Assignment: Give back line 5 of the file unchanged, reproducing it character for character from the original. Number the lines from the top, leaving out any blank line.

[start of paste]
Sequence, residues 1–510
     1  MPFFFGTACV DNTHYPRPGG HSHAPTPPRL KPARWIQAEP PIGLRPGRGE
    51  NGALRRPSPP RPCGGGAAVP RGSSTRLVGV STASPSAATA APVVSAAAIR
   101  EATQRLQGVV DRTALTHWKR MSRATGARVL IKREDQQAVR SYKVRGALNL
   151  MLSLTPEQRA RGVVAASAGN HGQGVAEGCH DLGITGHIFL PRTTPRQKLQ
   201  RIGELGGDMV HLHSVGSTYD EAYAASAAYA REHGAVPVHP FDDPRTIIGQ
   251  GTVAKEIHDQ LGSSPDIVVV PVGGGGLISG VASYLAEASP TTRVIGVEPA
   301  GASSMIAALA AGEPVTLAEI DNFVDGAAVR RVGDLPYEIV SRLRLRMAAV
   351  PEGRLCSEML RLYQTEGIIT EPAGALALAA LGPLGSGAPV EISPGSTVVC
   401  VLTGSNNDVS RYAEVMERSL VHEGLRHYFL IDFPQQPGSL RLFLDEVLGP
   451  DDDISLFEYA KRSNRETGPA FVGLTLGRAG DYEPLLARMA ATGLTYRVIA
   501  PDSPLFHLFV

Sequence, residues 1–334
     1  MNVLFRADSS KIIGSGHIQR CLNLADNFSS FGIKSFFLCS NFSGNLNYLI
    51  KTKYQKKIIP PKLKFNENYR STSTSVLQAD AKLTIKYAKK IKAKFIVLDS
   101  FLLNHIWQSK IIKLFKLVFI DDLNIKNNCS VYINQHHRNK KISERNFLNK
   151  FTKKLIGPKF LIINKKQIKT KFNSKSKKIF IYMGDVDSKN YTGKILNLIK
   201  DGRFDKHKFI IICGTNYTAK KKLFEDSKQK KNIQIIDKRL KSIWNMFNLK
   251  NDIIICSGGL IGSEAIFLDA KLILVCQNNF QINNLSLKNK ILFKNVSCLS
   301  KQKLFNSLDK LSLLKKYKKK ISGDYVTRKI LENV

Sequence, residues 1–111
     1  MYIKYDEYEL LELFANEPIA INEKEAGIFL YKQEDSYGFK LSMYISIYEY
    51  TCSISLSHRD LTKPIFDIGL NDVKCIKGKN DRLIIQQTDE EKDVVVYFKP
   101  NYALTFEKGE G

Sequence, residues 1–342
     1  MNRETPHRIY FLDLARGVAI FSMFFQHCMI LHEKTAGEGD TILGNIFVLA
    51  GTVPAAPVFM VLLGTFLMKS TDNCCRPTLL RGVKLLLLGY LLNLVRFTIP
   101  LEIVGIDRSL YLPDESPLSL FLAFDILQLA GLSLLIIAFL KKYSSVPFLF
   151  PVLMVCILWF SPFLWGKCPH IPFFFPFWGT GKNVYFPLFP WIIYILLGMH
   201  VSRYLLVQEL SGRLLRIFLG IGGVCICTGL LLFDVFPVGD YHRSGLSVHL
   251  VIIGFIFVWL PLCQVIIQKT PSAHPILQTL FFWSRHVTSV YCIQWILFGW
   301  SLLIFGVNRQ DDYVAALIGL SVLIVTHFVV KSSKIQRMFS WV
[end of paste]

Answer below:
   151  MLSLTPEQRA RGVVAASAGN HGQGVAEGCH DLGITGHIFL PRTTPRQKLQ